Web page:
What will Richard Petty Motorsports need to become a contender once again?
Sunday's race at Bristol saw two notable performances by the Ford teams. The first, Roush Fenway Racing's 1-2 finish with Carl Edwards and Ricky Stenhouse Jr. certainly was impressive. But perhaps even more so was Richard Petty Motorsports landing both of its cars inside the top five. Marcos Ambrose finished fifth while teammate Aric Almirola finished a career-best third place. It was an amazing moment for a team who has had all too few of late. But if Richard Petty Motorsports is to ever truly be a top tier team once again there's still work to be done.
Since forming from the ashes of Gillett Evernham Motorsports, RPM has had only a few bright moments at the Sprint Cup level. Kasey Kahne spent a few years driving for the organization, winning two races and qualifying for the Chase under the RPM umbrella (Kahne had additional wins running for other versions of the team). Marcos Ambrose drove the #9 car to victory lane at Watkins Glen on two occasions. Yet that handful of bright moments otherwise obscures how far this once-legendary racing name has fallen.
Kasey Kahne was a winner and Chase contender for RPM
The downward spiral of a once-proud team has been difficult to watch. Petty Enterprises, the team founded by Lee Petty that ran to 10 different Cup championships, was once a NASCAR powerhouse. But when Mother Nature finally caught up to Richard Petty, the team never recovered. A series of drivers tried to carry the Petty Enterprises banner in the decade that followed the King's retirement but none ever came close to matching his success. The one that might have, Adam Petty, died in an accident at New Hampshire. A decade of futility later, the King gave up ultimate control and became a part of GEM. Only the total financial collapse of that team's ownership and a new investor in Medallion Financial gave the Petty name another chance at the Sprint Cup level.
Yet despite the team's struggles, there is the chance for this team to be great once more. As Furniture Row Racing proved last season, a small team can survive. With the right people, sponsor, and technical alliance, those teams can even prevail. So what will it take to make Richard Petty Motorsports more than just another race team once again?
Without question, RPM needs to find/maintain a close-knit alliance with the right team. As things sit today, the team (as all Ford teams at the Cup level do) gets its engines from the Roush-Yates Racing engine shop. Provided they have the funds to regularly put new engines under the hood, that means they're playing with plenty of horsepower. That power has helped the Ford teams do well at tracks where horsepower means the most. Those engines have also proved to be reliably strong, avoiding the kinds of power/durability balance issues that plagued Toyota last year. So the under-the-hood component isn't a problem here.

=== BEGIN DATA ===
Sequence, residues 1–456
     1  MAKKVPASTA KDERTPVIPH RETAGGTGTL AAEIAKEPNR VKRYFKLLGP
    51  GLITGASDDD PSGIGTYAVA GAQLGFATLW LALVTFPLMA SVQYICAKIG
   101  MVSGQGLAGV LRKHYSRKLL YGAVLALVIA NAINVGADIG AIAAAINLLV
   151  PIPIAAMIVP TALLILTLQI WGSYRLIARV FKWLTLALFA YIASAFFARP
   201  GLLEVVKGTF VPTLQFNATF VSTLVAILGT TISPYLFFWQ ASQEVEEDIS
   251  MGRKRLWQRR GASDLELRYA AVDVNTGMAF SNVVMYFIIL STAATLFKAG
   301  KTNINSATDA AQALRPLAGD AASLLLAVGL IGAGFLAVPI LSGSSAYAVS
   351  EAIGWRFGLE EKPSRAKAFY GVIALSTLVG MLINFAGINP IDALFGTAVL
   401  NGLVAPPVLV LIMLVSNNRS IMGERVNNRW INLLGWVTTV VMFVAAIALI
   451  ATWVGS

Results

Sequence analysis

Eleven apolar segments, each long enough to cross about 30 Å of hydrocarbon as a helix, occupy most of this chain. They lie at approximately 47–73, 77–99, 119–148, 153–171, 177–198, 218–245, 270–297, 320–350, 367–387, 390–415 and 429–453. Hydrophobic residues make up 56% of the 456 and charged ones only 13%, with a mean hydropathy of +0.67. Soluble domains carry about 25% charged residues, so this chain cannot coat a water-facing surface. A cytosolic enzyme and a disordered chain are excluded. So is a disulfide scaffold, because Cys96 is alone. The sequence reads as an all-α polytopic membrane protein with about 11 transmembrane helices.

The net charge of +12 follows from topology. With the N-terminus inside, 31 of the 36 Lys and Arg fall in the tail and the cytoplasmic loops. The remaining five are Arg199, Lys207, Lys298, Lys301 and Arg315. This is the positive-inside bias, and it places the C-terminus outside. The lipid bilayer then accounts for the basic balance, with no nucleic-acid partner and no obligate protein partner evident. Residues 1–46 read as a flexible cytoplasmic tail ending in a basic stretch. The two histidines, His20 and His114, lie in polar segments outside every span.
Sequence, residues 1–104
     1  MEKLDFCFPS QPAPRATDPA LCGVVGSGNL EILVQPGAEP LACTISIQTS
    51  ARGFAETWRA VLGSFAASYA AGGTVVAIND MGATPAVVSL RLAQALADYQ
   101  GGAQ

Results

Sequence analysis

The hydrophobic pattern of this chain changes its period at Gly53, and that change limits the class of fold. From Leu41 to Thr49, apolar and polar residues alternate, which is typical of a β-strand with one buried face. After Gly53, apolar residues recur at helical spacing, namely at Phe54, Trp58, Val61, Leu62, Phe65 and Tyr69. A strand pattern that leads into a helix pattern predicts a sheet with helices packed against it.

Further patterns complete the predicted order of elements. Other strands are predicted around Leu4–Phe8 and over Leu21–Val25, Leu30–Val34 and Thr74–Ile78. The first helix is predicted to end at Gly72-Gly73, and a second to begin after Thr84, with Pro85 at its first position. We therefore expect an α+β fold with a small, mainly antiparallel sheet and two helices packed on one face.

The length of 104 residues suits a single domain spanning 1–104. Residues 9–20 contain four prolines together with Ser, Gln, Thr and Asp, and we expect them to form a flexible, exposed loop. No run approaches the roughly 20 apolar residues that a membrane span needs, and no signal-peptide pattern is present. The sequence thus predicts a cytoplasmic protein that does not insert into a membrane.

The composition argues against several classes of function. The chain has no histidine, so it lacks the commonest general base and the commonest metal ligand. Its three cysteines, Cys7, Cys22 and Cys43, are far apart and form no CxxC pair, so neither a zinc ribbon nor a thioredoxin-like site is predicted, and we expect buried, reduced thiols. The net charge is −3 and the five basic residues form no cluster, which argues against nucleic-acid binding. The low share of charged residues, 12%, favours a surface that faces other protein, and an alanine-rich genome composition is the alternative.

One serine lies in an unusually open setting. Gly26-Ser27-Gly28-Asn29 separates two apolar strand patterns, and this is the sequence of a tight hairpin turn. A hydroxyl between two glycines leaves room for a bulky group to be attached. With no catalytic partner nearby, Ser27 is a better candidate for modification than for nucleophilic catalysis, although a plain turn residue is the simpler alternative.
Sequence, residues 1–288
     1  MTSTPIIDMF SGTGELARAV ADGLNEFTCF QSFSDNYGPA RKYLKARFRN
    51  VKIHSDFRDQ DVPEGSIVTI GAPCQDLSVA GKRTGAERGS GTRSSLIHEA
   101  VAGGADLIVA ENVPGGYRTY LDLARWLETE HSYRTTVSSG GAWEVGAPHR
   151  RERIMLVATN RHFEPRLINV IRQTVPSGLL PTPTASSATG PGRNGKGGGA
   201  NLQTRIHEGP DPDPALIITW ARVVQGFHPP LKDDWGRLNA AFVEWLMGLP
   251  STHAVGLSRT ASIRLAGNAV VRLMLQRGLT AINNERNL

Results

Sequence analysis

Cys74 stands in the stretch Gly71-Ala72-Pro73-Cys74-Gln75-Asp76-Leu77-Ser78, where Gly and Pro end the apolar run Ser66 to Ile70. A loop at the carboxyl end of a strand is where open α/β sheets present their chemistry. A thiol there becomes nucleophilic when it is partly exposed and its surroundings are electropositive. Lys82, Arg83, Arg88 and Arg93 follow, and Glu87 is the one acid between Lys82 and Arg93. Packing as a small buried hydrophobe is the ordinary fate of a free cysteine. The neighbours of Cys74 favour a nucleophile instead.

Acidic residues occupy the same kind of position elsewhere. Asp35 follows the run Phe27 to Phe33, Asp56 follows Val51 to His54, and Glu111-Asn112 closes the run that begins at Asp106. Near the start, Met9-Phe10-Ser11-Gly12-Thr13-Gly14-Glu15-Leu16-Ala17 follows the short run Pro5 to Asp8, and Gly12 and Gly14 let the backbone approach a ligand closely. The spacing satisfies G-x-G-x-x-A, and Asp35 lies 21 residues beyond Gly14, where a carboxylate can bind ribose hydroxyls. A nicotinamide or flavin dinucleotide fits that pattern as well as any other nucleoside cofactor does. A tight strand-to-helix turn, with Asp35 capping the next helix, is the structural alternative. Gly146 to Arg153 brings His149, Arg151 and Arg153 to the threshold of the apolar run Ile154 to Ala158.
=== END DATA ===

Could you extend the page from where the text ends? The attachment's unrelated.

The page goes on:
On the other hand, the team's car chassis all come from the Roush Fenway Racing shop. By Jack Roush's own admission, those cars were a step slow on the aero side last year. Of the team's three wins last season, only one (Greg Biffle in Michigan, where several faster cars dropped out due to mechanical issues) came at an intermediate track. The others came at Phoenix and Richmond- or in other words, tracks where the aerodynamic issues are virtually nonexistent. Penske Racing, with one fewer car on the track, had one more intermediate track win. It's also worth noting that Penske was coming off a series championship and back to back five win seasons with those two cars.
RPM would do well to consider moving to align themselves with Penske over Roush. Whether or not the Captain would provide the cars and the information is another story. But if Roger is willing, RPM would be foolish to ignore the possibility. They'd maintain the strength of the Roush-Yates engines but gain the Penske advantage on the series' fastest tracks.
There's also the added dimension of sharing technical gains. Again, Furniture Row provides a great example. In 2013, Kurt Busch drove the #78 Furniture Row Chevrolet but he was as much a part of Richard Childress Racing as either Kevin Harvick or Jeff Burton. Maybe even more so as both of those drivers knew they were on their way out early on. Busch was an active participant in driver debriefs and provided an outstanding sounding board for setups and track testing. RPM's drivers would benefit enormously from having the Penske knowledge base at their table.
In this area, RPM is ahead of more than a few teams in the Sprint Cup garage. Smithfield Foods is signed on (along with Almirola) for at least 29 races per year through the 2016 season. Their other sponsor, Stanley Tools, has a long history of NASCAR involvement in general and Ford Racing in particular having spent nearly a decade with Matt Kenseth at Roush Fenway. The only concern is that Stanley's agreement is a year-to-year relationship and would be difficult to replace if the company decided to take its NASCAR dollars elsewhere.
People - Drivers: